1. this is an issue of trade off.
Make Art easier: keep the images as larger than 32x32, but you need to code a system that can allow for images as large as you need. This can mean a pretty complex drawing system.

Make Programing easier: cut the image into properly sized tiles, the downside is it's a pain to do so unless you have a special tool; this is especially hard for isometric games.

2. we ran into this as well. if i tile needs to 'warp' somone somewhere, we specify an 'actionid' of 4 (which means change maps) and we have a 'data field' which is a string, wherein we can specify action specific data, such as: map2_tile1, this would mean you go to a map named 'map2' and are placed on a tile named 'tile1'.

For doors and other such objects, we tell a door what script it should use (this is assuming you have scripting facilities) and when the door is opened the script executes it's "OnOpened" function, you can then write code to switch maps and re-position the character.

Just some food for thought =D

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2) I think this really depends on your implementation. I don't know much about TileStudio so I can't help you there. I guess what you need to ask yourself is: are these rooms all on the same map, or do you want each room to be seen (to the code) as a seperate map? I do the former in my game, and the way we do something like that is to mark tiles as "event tiles". Whenever a player steps on an event tile, we look though our list of map events and find the one that corresponds to that tile. Then we call a function in the map's data file that serves as a script and changes the game state accordingly.


Well, when you collide with a door, I determine what "room" they're moving to, I sent that new tile data down, and then the client screen starts showing the new room with the character repositioned.

So, you put the lookup tables in the code, or I guess, in a separate location than the tile map? That would be easier for me, but managing the tile map and then the room relocation table in two different places irked me. Is that how you're doing it?

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Quote:
Original post by EDI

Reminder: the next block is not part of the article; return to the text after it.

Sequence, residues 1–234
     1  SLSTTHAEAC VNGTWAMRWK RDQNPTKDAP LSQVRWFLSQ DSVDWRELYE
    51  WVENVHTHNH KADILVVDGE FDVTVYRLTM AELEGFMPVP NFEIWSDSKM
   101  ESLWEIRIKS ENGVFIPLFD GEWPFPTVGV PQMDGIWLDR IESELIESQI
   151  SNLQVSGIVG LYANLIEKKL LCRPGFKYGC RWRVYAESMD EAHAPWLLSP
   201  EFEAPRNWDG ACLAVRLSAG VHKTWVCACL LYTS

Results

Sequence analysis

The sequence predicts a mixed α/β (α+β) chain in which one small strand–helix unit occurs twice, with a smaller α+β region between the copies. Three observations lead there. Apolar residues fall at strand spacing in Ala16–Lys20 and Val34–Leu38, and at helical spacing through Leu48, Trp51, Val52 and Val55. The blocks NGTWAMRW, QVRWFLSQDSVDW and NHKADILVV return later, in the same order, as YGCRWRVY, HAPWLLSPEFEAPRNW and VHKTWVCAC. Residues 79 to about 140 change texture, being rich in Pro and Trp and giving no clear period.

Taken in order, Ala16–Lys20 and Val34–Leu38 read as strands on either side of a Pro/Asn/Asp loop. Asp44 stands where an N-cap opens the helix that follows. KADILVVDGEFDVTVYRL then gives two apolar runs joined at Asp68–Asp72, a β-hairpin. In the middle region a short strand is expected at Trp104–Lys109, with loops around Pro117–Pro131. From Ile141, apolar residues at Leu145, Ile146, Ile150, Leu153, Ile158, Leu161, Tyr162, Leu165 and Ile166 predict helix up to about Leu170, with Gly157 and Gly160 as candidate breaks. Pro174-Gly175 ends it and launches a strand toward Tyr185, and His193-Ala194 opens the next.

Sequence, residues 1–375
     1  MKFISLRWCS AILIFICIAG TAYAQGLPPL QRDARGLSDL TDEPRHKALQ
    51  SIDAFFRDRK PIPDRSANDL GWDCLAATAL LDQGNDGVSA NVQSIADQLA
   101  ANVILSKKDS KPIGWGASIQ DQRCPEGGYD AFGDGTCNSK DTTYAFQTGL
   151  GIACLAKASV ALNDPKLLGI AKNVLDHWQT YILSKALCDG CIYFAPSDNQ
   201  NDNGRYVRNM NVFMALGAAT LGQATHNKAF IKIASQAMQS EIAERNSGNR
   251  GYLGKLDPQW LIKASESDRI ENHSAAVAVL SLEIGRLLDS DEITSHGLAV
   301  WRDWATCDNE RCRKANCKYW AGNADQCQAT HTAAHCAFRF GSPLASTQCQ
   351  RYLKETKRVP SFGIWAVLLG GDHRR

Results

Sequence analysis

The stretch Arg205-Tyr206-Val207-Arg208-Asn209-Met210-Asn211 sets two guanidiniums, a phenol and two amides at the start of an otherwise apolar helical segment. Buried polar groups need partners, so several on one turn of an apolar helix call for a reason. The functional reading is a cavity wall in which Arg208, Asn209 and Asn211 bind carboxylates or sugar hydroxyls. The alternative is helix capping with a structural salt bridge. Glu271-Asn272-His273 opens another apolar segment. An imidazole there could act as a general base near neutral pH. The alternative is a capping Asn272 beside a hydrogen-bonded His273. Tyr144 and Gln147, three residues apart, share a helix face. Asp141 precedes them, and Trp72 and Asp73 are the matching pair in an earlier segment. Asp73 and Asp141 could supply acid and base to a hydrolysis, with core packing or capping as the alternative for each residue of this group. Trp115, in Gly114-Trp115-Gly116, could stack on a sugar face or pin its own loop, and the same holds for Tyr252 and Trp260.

2. we ran into this as well. if i tile needs to 'warp' somone somewhere, we specify an 'actionid' of 4 (which means change maps) and we have a 'data field' which is a string, wherein we can specify action specific data, such as: map2_tile1, this would mean you go to a map named 'map2' and are placed on a tile named 'tile1'.

For doors and other such objects, we tell a door what script it should use (this is assuming you have scripting facilities) and when the door is opened the script executes it's "OnOpened" function, you can then write code to switch maps and re-position the character.

Just some food for thought =D


I'll take that as "Tile Studio ain't gonna do it for ya!" If I had an extra data field, I'd be happy. :-) So i guess, this is a tool problem, not a know-how thing, cause your solution would be my solution. The non-scripting one anyway.

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I am suprised they only give you a byte, that is really slim pickins =/

A robust system (like I plan on using for subsequent games)

would provide a 'property list', which would be attached to the tile/object/etc

they would be key/value pairs, such as


This could be an example of using a named tile for transport(the value 100 would signify that to the engine):

name="door1"
actionID=100
gotoMap="map2"
gotoTile="tile1"

If you would rather use coord you could also have:


name="door1"
actionID=101
gotoMap="map2"
gotoTileX=38
gotoTileY=10